For more than a month, Maureen McDonnell quietly listened as witnesses portrayed her as a hostile and rapacious governor's wife whose greed led to her husband's downfall as well as her own.
Enduring such highly public humiliation is punishment enough without adding prison time, her lawyers have argued in court papers prior to a hearing Friday in which McDonnell is to be sentenced.
They have asked the same judge who last month sentenced former Gov. Bob McDonnell to two years in prison to let his wife off with probation and 4,000 hours of community service.
"Mrs. McDonnell has lived the worst nightmare of a public official's spouse: vilified in the media and blamed not only for ruining her husband's political career, but for sending him to prison,'' defense attorneys wrote in their sentencing recommendation to U.S. District Judge James Spencer.
In the 25-page brief, they describe how Maureen McDonnell dedicated her life to her five children and supporting her husband's political aspirations before cracking under pressure and her fear of failure.
Prosecutors draw a less sympathetic portrait, noting "the degree to which the defendant unhesitatingly participated in the scheme to sell the Governor's office to satisfy her desire for a luxurious lifestyle.''
They concede Maureen McDonnell deserves less prison time than her husband because she was not an elected official and was convicted of just eight counts, three fewer than the former governor.
"But because Mrs. McDonnell was a full participant in a bribery scheme that sold the Governor's office in exchange for luxury goods and sweetheart loans, many of which she solicited personally, and because she repeatedly attempted to thwart the investigation through false representations, it would be unjust for her not to serve a period of incarceration for her crimes,'' prosecutors wrote.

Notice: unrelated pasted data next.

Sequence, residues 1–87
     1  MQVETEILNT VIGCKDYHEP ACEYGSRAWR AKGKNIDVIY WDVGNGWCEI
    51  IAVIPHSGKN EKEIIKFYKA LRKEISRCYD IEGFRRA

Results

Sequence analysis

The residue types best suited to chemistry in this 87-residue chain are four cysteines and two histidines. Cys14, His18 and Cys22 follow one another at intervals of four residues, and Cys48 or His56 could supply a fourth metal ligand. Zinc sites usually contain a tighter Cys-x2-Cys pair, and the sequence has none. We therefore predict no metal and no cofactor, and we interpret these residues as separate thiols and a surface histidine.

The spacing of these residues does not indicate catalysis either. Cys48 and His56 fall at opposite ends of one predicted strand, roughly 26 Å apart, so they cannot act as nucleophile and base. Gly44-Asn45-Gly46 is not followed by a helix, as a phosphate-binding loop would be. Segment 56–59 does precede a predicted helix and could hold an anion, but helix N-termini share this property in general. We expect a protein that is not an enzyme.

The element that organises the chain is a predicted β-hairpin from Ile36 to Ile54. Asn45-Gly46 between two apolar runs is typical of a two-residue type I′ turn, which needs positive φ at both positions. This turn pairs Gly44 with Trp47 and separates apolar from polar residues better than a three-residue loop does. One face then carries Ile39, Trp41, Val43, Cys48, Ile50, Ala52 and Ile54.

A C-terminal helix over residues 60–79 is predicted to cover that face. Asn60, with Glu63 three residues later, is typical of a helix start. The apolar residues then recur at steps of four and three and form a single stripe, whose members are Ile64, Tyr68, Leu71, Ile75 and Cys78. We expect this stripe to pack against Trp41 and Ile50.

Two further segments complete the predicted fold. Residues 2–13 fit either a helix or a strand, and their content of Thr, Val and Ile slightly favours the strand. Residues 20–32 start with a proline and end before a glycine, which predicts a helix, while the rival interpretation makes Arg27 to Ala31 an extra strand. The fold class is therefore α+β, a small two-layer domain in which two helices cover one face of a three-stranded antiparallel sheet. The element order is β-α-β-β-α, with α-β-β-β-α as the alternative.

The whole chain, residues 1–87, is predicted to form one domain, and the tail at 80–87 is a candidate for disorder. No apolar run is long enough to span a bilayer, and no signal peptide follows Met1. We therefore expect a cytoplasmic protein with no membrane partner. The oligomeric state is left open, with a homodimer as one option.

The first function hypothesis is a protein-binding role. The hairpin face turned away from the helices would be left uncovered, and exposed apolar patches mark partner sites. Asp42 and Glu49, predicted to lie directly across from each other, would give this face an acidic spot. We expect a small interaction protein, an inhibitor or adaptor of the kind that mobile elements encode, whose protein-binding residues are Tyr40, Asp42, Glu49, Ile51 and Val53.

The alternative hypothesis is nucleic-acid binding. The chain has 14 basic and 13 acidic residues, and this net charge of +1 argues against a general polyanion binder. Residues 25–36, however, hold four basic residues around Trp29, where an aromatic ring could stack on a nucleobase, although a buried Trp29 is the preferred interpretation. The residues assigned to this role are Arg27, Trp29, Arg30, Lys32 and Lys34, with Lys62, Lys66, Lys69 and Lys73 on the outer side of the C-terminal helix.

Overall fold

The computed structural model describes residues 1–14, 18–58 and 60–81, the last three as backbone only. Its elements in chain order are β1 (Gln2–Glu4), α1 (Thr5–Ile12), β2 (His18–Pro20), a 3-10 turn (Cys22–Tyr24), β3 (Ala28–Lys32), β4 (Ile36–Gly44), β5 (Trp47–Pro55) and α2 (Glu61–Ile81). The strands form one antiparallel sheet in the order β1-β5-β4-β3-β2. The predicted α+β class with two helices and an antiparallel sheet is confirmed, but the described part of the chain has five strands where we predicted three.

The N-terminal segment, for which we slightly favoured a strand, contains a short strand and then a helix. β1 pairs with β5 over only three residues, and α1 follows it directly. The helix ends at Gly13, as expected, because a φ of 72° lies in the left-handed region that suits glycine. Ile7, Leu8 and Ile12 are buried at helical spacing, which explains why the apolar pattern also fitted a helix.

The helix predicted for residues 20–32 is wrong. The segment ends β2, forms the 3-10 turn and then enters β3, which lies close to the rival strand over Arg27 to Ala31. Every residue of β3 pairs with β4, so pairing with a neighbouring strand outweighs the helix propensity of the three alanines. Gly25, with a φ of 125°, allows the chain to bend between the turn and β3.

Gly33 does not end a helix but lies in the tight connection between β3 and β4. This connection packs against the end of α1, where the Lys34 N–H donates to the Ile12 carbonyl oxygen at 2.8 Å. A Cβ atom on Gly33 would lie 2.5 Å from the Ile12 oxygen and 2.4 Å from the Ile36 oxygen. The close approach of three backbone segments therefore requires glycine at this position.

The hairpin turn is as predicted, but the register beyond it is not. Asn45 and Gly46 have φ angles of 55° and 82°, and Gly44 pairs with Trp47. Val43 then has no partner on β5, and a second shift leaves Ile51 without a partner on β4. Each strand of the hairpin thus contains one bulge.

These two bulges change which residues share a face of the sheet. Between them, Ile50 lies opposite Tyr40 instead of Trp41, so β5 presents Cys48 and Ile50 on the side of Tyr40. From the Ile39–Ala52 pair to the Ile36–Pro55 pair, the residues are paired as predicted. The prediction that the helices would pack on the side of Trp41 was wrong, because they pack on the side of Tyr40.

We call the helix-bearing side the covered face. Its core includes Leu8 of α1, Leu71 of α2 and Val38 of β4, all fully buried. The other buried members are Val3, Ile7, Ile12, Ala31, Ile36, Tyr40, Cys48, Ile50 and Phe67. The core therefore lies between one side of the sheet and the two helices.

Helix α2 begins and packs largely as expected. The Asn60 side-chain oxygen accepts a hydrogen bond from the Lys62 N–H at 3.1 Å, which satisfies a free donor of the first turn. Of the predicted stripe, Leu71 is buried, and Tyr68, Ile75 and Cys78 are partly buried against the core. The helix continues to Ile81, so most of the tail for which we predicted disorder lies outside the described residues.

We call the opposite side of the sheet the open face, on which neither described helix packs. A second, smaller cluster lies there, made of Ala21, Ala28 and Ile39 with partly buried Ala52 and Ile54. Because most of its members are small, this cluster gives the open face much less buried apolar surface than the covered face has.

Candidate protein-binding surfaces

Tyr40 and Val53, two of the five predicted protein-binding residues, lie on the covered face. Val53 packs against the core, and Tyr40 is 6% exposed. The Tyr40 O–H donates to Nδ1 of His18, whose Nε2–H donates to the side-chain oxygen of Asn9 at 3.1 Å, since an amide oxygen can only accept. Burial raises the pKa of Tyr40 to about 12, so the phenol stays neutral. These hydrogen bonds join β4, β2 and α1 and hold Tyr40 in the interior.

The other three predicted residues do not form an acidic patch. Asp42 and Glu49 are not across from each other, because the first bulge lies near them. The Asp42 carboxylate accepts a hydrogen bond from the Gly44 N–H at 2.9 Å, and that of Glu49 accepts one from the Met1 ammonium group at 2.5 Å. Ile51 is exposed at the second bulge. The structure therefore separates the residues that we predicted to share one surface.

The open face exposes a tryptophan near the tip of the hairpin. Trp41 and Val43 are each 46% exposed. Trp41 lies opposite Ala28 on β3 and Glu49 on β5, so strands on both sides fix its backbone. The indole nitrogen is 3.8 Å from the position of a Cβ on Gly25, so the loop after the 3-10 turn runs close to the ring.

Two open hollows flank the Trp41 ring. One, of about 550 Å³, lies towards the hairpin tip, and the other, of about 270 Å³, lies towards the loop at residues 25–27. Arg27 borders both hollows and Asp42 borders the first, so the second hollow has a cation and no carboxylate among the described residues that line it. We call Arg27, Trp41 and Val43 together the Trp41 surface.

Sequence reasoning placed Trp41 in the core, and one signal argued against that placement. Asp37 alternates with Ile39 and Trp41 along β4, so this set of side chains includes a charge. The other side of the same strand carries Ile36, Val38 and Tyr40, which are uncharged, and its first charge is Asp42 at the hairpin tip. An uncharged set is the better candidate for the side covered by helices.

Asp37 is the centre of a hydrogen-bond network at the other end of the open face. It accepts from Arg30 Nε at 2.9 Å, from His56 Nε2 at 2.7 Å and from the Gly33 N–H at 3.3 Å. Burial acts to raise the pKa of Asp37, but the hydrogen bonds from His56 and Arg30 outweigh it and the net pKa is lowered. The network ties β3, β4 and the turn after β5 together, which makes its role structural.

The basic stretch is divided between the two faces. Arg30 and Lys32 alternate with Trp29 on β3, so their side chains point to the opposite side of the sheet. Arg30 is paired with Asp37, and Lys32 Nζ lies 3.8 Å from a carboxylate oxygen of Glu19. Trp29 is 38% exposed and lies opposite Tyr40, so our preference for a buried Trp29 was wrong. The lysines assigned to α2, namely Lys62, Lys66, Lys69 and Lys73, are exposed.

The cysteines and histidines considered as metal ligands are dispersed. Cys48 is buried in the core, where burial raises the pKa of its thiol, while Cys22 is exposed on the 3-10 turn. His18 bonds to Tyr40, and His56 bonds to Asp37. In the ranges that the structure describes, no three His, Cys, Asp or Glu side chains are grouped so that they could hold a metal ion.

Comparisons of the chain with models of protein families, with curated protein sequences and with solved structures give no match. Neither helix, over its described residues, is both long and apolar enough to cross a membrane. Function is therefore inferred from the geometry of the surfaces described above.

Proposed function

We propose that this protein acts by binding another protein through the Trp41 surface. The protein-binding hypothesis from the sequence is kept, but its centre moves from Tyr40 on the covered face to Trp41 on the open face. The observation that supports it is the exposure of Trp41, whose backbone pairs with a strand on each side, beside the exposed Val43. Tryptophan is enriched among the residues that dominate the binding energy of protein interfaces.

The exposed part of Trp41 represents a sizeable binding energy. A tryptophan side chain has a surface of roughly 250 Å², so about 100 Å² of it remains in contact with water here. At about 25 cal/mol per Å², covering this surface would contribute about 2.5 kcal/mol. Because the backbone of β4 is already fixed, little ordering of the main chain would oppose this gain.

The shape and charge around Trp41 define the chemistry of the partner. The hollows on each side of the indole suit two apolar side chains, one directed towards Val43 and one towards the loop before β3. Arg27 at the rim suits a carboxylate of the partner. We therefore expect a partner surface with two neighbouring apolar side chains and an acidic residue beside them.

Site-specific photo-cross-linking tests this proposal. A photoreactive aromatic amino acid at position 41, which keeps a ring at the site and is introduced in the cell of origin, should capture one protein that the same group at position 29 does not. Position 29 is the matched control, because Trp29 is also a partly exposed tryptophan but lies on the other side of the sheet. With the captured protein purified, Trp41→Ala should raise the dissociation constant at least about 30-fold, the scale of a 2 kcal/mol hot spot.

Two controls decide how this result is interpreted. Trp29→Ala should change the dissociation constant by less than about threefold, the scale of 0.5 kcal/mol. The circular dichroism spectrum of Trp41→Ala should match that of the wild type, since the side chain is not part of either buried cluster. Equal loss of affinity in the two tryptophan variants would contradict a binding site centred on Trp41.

They recommended a sentence of 18 months.
A jury in September convicted the McDonnells of doing favors for former Star Scientific CEO Jonnie Williams in exchange for more than $165,000 in gifts and low-interest loans. The gifts included about $20,000 in designer clothing and accessories Williams purchased for Maureen McDonnell during a Manhattan shopping spree and an engraved $6,500 Rolex watch she gave to Bob McDonnell as a Christmas present. Williams also paid for vacations and golf outings.
During the six-week trial, defense attorneys tried to show that the McDonnells' marriage was so strained that they were barely communicating and could not have conspired to solicit bribes. Bob McDonnell testified in his own defense, saying he began staying at the office later than necessary to avoid his wife's angry outbursts. Other witnesses described Maureen McDonnell's vitriol toward Executive Mansion staff members. Her former top aide acknowledged calling her a "nutbag.''
The former first lady, who sat mostly expressionless during that courtroom pummeling, will have a chance to respond when Spencer asks her if she wants to say anything before he hands down his sentence.
Spencer surprised most legal experts by giving Bob McDonnell a sentence well below the 10 years sought by prosecutors. Chuck James, a Richmond white-collar defense attorney and former federal prosecutor who watched much of the trial, said a lighter sentence for Maureen McDonnell is likely because she was not an elected official and, unlike her husband, is not a lawyer well versed in bribery law.
Defense attorneys' plea for no prison time is "an appropriately aggressive piece of advocacy,'' James said, but he doubts Spencer will be persuaded.
"I would have to imagine some active sentence of incarceration will be imposed,'' James said.
Maureen McDonnell's attorneys say in their sentencing memo that if the judge determines prison time is necessary, nine months evenly divided between prison and home confinement would be sufficient.
Bob McDonnell, who was widely considered a potential Mitt Romney running mate before the scandal broke, is free on bond while he appeals his convictions to the 4th U.S. Circuit Court of Appeals. Maureen McDonnell also can appeal after she is sentenced.
Williams testified under immunity as the government's star witness. He disputed Bob McDonnell's testimony that they had been friends, saying he plied the former first couple with money and gifts only to get their help promoting his company's nutritional supplements.